Frustrated condo and townhouse owners who are not allowed to rent out their units under the HOA’s grandfather clause or a hardship exception often ask “Is there anything I can do to challenge the rental policy?” The answer is yes, but the challenges will not be quick, easy, cheap, or necessarily successful. The options include:
1. Become involved in your homeowners association and work to change the rental policy. Get elected to the HOA Board, if possible. But even without that, you can organize a group of owners who feel similarly. Ask the Board to begin the process of amending the Governing Documents so that better rules can be adopted. Provide a draft of the leasing policy that you believe should replace the existing one.
2. Advocate for a change in your state’s laws to limit the power of HOA Boards. Only a few states have done this and not surprisingly, they are the ones with the heaviest foreclosure burdens. As an example, rental rights in Florida condominiums are now grandfathered in by law. Changes in the ability to rent would only apply to current owners who consented to the amendment or owners who take title after the amendment is recorded. Minnesota does not have a similar law.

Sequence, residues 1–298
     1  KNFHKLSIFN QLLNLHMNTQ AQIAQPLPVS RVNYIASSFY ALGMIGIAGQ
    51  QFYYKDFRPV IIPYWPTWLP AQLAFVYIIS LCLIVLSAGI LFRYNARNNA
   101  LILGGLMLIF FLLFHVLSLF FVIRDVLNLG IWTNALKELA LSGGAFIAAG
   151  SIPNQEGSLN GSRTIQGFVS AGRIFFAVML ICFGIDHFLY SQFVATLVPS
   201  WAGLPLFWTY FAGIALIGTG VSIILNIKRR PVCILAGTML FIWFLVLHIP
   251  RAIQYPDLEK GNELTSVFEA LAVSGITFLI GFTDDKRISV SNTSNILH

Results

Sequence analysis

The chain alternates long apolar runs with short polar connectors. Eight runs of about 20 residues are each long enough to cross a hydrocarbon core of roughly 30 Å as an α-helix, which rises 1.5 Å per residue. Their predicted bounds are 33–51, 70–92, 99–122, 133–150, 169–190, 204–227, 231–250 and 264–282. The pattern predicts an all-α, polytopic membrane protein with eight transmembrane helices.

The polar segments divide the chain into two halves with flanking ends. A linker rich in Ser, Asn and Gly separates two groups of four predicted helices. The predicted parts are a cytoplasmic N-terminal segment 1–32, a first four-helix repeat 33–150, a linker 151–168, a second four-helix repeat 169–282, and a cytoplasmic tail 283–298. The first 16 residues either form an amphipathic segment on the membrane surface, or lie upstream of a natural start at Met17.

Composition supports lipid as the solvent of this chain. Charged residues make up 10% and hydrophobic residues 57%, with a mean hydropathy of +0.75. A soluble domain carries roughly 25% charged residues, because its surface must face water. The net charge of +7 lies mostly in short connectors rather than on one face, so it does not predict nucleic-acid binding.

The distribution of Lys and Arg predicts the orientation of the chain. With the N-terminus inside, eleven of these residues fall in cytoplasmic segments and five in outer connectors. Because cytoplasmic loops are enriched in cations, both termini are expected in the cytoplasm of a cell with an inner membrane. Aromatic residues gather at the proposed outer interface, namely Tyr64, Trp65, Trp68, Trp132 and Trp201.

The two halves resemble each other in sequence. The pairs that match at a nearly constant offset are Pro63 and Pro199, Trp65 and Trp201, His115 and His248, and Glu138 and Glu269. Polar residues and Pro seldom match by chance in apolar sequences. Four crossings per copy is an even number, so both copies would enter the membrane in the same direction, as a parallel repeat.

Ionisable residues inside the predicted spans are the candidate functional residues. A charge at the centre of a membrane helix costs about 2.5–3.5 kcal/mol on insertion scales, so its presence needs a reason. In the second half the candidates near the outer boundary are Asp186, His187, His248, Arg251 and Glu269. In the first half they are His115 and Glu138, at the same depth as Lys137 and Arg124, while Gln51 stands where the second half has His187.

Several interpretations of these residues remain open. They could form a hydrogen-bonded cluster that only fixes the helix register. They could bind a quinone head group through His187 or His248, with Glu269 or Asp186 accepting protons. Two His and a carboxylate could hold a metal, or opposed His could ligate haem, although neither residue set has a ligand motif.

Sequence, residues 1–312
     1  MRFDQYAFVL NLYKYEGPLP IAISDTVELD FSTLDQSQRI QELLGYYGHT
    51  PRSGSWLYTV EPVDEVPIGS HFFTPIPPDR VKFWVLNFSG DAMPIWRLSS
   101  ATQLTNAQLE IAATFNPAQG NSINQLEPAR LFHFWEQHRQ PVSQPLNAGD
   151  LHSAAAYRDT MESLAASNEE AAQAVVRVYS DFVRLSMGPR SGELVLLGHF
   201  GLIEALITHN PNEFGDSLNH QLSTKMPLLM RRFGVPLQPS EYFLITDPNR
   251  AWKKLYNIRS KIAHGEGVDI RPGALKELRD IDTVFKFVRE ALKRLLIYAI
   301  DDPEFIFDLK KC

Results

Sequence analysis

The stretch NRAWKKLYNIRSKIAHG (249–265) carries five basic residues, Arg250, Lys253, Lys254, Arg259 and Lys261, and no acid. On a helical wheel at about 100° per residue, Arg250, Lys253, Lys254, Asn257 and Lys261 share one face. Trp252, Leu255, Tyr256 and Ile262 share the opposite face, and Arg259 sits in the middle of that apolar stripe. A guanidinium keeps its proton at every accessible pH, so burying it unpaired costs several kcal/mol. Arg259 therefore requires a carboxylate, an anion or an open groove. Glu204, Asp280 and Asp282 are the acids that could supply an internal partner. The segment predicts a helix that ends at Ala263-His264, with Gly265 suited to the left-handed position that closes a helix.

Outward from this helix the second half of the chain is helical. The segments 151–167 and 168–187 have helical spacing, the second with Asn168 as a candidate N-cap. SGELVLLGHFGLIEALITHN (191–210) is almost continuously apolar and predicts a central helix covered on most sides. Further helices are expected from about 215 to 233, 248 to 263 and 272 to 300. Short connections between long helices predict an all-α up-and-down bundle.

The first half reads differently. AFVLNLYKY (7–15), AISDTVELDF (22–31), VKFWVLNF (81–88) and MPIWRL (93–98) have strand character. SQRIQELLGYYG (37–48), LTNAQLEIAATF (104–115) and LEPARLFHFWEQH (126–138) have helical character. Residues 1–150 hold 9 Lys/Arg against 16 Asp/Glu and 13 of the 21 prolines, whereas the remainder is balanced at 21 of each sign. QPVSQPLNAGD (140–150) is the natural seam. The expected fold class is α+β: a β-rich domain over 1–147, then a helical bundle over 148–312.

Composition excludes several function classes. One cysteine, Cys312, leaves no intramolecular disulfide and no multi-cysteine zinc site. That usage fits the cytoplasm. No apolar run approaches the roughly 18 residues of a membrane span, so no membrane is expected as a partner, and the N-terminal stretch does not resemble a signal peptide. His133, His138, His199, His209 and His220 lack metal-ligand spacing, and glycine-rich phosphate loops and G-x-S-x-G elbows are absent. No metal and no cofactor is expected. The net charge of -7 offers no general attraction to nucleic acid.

3. Are the Fannie Mae mortgage requirements about owner-occupancy the main reason your HOA is rejecting leases? If the rental cap has been met but there is further demand by owners, make sure the Board knows that FNMA expanded the allowable percentage of rentals over the past few years. And even if the condo’s leasing percentage is too high under current guidelines, it is possible to get a waiver. The key is to find a loan officer willing to apply for a waiver through the FNMA Project Eligibility Review Service (PERS). You can find more info here. Also, the highly-desirable FHA loans require an owner-occupancy rate of only 51%.
4. File a lawsuit against the HOA. This step should never be undertaken lightly. People who sue their homeowner association are essentially suing their neighbors and themselves. Lawsuits consume cash at an alarming rate and often destroy good will in the neighborhood, regardless of who wins. You should also know that the odds are heavily tilted in favor of the HOA. The law gives considerable discretion to the HOA Board and its decisions are presumed valid until proven otherwise.
5. Find a fatal flaw in the amendment process that passed the rental restriction. This route is discussed in the article “HOA Rental Policies – Procedural Flaws That Matter.”
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